Every week we’re publishing the winning poems from April’s medical poetry contest. This week’s poem was a runner-up in Category III: Grab the (Black) Bag: Miscellaneous Medical Moments.
By Lisa A. Ryan
Like a ram in the thicket, or
an apparition in mist, you were not
there and then you were there, visit just
before surgery, before the almighty
doctors saying, “There’s nothing we can do.”
By our last meal together you’ve begun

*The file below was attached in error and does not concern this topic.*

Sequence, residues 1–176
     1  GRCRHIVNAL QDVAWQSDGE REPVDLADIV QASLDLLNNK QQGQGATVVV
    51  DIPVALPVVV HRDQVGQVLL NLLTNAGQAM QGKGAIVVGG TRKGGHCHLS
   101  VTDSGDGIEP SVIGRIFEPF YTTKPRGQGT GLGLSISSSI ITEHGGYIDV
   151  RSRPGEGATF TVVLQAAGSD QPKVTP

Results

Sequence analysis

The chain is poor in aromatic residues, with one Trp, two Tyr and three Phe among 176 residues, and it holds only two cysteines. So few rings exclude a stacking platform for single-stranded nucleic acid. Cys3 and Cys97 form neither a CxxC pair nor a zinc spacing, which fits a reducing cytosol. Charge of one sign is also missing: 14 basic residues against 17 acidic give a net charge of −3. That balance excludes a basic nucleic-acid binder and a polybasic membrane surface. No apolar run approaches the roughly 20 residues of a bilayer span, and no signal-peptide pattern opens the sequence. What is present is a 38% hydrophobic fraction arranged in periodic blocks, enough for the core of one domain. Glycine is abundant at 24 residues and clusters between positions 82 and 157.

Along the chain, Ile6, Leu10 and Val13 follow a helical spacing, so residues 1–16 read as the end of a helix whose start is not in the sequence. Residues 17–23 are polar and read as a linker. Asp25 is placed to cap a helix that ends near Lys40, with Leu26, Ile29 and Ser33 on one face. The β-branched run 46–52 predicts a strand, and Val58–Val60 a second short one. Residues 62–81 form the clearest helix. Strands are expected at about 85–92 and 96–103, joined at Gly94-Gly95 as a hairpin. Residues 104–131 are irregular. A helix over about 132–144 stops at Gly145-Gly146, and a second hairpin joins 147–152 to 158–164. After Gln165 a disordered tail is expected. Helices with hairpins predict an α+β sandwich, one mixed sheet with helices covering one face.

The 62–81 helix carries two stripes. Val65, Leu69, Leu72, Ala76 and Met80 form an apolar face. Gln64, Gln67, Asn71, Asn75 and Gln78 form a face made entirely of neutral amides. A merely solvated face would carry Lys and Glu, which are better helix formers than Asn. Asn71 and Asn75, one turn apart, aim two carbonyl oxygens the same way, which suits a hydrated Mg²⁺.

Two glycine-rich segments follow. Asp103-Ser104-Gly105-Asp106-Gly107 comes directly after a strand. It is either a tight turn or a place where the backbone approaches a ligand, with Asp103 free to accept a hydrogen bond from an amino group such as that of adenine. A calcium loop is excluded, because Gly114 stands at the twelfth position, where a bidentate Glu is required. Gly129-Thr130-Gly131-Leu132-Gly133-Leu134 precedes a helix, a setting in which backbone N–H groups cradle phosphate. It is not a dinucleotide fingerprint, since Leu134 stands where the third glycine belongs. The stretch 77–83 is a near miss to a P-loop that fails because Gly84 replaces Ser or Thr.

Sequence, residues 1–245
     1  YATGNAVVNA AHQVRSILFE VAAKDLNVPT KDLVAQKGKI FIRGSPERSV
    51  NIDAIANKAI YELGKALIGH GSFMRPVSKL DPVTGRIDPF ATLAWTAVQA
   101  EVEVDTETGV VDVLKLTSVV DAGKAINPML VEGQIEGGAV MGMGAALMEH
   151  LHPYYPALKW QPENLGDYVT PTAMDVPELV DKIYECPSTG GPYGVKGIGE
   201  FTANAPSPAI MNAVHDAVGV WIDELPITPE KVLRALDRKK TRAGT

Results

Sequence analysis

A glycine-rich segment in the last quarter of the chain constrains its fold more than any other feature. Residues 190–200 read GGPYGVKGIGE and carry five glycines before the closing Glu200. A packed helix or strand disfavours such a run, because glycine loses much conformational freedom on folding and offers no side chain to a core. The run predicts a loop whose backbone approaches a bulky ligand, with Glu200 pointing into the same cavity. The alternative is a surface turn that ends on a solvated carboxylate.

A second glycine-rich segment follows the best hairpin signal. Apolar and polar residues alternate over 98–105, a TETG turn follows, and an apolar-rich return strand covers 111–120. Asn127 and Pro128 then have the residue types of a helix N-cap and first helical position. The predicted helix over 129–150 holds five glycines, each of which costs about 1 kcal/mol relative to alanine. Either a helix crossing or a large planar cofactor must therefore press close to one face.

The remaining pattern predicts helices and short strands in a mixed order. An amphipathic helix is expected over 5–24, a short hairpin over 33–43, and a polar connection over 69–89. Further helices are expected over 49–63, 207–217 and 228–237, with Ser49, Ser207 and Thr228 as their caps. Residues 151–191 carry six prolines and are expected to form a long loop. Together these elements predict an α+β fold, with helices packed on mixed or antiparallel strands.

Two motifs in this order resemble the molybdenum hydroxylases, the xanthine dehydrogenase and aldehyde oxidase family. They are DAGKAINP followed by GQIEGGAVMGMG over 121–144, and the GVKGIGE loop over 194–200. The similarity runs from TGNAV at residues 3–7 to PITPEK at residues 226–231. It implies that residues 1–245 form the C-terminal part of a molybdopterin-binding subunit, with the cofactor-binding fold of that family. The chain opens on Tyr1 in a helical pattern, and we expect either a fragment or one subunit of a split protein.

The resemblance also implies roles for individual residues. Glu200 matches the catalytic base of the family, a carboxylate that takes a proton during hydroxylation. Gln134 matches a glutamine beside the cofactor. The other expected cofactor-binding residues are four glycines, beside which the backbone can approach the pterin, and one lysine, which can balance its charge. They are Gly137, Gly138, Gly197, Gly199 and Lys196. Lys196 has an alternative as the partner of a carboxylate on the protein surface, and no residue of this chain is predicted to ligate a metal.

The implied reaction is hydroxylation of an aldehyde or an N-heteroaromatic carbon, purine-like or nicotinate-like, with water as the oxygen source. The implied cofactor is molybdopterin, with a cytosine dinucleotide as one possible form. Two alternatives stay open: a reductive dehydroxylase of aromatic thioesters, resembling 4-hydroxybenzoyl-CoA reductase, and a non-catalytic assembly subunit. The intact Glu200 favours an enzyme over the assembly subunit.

starving to death and you’re not-
there-ness is the robe I’m reaching out to touch,
the words you don’t say are the mystery
of the miracle never come to pass.
I expected you to go out like
a martyr, John; battle cry, flames at your torso,
having the last, pure word. I would be
Mary, crying at the tomb for your
there-ness I hadn’t eyes to see.
But you’re slinking off into the
dark garden. Spirit unwilling to wear
weakening flesh, and who wouldn’t take
this cup from you? Your desk is cleared,
see you again soon, no trash in the can.